Temperatures in much of the northern U.S. are well below freezing, so it would seem that melting fears are not weighing on the minds of our citizenry. In the climate-controlled offices and trading floors of investment houses, though, the topic is very much in the discourse. The new buzzword is “melt-up”, as in a market that goes into a frenzy of speculative buying and pushes assets into bubble territory. Of course, the logical result of a melt-up is that which we know all too well, the meltdown. As 2014 gets underway, the punditry wants us to consider whether this will be the year of the Big Melt – first up, then down.
What the Numbers Say
We prefer to study the data before arriving at any conclusions about what the market might, or might not, do in the near future. What the numbers are telling us now is that equities are expensive at current levels, but not in bubble territory. The twelve trailing months P/E ratio is 16.5, which is higher than it has been for more than three years, but still nowhere near record highs.
The Case-Shiller P/E ratio, which presents the data on the basis of cyclically adjusted earnings, is currently around 26. That level shows equity markets to be overvalued – but again, it does not make a definitive case for a clear and present bubble. It’s not a great time to be scooping up underpriced stocks, as there aren’t many bargains to be had, but in our opinion there is nothing particularly compelling out there to say that the market is ripe for either a melt-up or a meltdown in the immediate future.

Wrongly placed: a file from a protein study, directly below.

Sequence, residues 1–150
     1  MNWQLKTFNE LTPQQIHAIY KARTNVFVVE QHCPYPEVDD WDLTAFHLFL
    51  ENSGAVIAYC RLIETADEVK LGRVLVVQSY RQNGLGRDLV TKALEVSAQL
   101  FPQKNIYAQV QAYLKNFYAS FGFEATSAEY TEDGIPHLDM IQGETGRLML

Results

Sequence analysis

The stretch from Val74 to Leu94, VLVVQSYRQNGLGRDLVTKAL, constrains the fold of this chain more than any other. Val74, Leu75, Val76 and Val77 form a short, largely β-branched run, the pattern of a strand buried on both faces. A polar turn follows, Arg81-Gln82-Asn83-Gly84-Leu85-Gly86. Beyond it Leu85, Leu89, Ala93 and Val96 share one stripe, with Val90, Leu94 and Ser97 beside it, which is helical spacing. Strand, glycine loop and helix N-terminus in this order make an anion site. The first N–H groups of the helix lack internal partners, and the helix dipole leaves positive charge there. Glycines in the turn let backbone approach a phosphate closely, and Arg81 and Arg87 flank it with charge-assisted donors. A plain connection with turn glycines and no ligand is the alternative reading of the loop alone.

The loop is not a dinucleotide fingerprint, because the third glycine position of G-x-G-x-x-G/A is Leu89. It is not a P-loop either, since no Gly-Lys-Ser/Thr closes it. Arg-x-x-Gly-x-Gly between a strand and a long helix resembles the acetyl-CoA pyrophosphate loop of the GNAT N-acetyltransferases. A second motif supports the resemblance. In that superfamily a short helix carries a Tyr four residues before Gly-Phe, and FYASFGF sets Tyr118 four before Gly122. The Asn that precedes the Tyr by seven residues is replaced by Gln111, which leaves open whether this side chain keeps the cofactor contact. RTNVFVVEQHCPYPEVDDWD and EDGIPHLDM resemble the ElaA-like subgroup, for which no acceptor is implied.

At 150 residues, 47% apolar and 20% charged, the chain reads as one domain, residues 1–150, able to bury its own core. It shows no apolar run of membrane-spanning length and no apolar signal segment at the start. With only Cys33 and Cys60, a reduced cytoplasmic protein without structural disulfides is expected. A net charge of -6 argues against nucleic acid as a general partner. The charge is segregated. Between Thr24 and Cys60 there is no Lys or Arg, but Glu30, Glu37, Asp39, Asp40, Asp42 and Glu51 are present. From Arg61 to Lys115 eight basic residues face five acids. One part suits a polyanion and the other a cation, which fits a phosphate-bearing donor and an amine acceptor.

One indicator we focus on in our research is Return on Equity (ROE). ROE is a good metric because it tends to show mean reversion over long economic cycles. What ROE measures is a company’s earnings over a period of time relative to its average net book value (assets minus liabilities) over the same time period. Think of equity, or net book value, as what the company has invested in to make money (net of its debt and other obligations). So ROE tells you how productive those investments have been.
Now, in any given industry, a company earning a high ROE will attract competitors eager to get in on the action. The rational expectation would be for average ROE to go down as the total pie gets sliced into smaller pieces. Eventually some competitors will go out of business, and those left behind will enjoy higher ROEs from the spoils they grab…and so the cycles go.
What’s the point of this digression into financial statements analysis? Simply that, at present, the ROE for the S&P 500 is about 15.4%. That’s a bit higher than its historical average of about 14.9%, but lower than the 16% level it breached two years ago. In a word, inconclusive. It leaves us drawing the same conclusions as the P/E analysis: namely that the market is expensive, but not inordinately so.
The Earnings Season Catalyst
We do believe, though, that the upcoming earnings season will be an extremely important factor in influencing the market’s near to medium term direction. In particular, we will look at top-line sales numbers as a barometer of whether the recent promising macroeconomic data points are showing up on income statements, or whether the recovery may be on shakier ground than the current consensus holds. That – along with what the tea leaves reveal as the new Yellen Fed gets underway – could hold clues about whether some variation of the Big Melt will become a reality.